The latest DfT road casualty figures, for the second quarter of 2012, show a year-on-year 6% reduction in the number of fatalities, but a 1% increase in the number killed or seriously injured.
However, the DfT has acknowledged that the figures, published in Reported Road Casualties in Great Britain: Quarterly Provisional Estimates Q2 2012, are probably skewed by the extremely wet weather in the period.
In the year ending June 2012, 1,790 people were killed in reported road accidents and 24,870 were killed or seriously injured.
Comparing Q2 2012 against Q2 2011, there was a 6% fall in deaths and serious injuries, and an 18% fall in deaths alone.
However, the DfT warns that single quarter comparisons should be treated with caution and that the extremely wet weather across England in Q2 2012 may make comparison with earlier years difficult.
Overall for year ending June 2012 the number of reported injury accidents and casualties of any severity fell by 3% and 4% respectively from to the June 2011 figures. Motor vehicle traffic levels were virtually the same in both periods.
The Parliamentary Advisory Council for Transport Safety (PACTS) says the figures “allow no room for complacency”.
Robert Gifford, executive director of PACTS, said: “As the DfT rightly warns, this was a period of extremely wet weather across England which may have affected the amount of road use.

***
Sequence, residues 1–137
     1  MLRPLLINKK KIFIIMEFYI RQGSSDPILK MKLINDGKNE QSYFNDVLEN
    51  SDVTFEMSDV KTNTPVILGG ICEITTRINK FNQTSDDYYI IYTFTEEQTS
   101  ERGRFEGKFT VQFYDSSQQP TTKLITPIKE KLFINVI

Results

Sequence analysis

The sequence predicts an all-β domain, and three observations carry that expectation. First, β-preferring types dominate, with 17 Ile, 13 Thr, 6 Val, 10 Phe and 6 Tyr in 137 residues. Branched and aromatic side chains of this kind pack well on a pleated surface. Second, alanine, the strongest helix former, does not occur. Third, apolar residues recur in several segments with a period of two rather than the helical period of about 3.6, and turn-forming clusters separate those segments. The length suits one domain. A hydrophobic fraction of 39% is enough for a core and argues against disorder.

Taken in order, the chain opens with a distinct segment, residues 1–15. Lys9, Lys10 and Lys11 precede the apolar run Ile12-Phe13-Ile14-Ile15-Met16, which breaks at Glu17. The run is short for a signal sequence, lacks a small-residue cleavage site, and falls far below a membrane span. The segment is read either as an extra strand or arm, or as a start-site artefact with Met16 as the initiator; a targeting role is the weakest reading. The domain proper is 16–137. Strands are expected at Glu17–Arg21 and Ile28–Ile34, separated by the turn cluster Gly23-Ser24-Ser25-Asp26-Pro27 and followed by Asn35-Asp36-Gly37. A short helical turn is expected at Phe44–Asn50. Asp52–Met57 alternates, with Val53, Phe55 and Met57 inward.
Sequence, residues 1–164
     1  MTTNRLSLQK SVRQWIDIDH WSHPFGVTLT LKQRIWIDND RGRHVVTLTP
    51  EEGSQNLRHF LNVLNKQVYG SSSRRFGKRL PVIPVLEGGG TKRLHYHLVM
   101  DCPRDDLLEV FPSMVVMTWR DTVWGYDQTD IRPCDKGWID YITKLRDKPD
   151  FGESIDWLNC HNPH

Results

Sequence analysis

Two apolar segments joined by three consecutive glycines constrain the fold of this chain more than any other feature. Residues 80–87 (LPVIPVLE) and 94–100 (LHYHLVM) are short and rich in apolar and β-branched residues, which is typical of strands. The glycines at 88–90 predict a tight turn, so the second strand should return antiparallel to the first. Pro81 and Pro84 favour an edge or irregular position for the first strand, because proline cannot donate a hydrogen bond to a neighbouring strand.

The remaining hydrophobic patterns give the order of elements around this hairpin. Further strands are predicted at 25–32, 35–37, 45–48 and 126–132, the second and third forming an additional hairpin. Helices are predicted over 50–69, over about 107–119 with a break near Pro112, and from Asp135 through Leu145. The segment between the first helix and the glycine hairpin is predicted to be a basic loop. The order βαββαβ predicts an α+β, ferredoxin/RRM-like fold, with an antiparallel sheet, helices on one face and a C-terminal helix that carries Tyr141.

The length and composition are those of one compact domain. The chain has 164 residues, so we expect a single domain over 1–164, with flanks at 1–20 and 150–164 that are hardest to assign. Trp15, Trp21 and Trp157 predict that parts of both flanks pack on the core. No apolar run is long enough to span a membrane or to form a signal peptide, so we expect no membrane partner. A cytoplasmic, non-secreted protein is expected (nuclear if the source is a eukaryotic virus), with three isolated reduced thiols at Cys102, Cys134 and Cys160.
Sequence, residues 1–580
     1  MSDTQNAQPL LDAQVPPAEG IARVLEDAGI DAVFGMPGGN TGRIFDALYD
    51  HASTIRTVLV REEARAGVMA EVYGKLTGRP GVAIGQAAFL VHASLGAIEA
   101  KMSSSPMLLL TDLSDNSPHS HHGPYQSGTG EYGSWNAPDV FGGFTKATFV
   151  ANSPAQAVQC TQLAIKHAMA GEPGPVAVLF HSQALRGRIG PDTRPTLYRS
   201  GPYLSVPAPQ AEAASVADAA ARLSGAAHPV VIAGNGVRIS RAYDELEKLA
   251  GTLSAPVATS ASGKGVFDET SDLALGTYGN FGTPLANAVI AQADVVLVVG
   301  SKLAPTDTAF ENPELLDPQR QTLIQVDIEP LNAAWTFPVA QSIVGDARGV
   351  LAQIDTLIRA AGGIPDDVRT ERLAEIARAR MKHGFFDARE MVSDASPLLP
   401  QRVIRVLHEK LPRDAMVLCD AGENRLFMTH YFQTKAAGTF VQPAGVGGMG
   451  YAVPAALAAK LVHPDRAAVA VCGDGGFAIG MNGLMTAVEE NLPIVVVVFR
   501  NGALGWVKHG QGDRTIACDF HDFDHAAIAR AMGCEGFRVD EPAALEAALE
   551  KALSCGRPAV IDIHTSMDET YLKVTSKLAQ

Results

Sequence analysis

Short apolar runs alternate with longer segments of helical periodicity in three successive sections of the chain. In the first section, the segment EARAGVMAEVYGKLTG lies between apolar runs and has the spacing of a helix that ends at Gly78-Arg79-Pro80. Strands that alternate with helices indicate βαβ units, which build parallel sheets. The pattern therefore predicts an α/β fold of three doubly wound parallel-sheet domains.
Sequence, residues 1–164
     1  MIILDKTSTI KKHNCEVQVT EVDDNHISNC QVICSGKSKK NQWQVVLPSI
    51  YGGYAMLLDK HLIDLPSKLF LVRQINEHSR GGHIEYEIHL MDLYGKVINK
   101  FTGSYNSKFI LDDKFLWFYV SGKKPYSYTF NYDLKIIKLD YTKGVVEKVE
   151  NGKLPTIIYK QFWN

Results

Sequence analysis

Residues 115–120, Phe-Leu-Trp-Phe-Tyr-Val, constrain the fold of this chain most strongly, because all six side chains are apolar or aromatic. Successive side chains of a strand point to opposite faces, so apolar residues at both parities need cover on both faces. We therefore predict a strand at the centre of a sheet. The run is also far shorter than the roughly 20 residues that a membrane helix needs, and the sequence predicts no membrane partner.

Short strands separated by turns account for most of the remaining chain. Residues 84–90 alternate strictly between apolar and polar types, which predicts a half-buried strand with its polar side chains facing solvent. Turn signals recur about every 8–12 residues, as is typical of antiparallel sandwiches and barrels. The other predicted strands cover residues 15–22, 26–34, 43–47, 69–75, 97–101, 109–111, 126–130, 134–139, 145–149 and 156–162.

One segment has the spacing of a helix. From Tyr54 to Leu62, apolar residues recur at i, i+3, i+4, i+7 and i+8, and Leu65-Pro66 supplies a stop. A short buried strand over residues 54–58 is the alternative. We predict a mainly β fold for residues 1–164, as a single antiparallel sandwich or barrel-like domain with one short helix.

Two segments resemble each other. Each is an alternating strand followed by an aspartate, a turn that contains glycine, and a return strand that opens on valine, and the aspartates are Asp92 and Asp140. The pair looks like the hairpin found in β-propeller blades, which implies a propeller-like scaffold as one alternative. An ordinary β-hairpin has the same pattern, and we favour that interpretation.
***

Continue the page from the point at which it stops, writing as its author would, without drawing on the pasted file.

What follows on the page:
“Clearly it is welcome to see the long-term decline in deaths continue. However, KSI injuries have risen 1% over the last year so there can be no room for complacency.
“Of even greater concern is the increase in deaths and serious injuries of vulnerable road users over the last year. Pedestrian KSI are up by 5%, cyclist KSI by 9% and motorcyclist KSI by 5%. If figures for the next six months do not improve significantly, we will see little improvement in the safety of these groups in 2012.
“The new team of ministers at the Department has identified that road safety remains a priority. I welcome this public commitment. What we need to see now is a review of the current Strategic Framework and its Action Plan to ensure that we have a long-term vision for road safety beyond 2015.”
Neil Greig, IAM director of policy and research, said: “In the six months before these results there were increases in the numbers killed and seriously injured. This drop has not made up for that.
“We need to do much more to turn this quarter’s figures into a trend. Upgrading roads, targeted safety campaigns and measures to improve road user awareness among new drivers are needed.
“The drop in road casualties is really good news but the DfT admits that it is likely to be linked to this year’s wet weather. We shouldn’t rely on a few months of dodgy weather to get cyclists and motorcyclists casualties down.”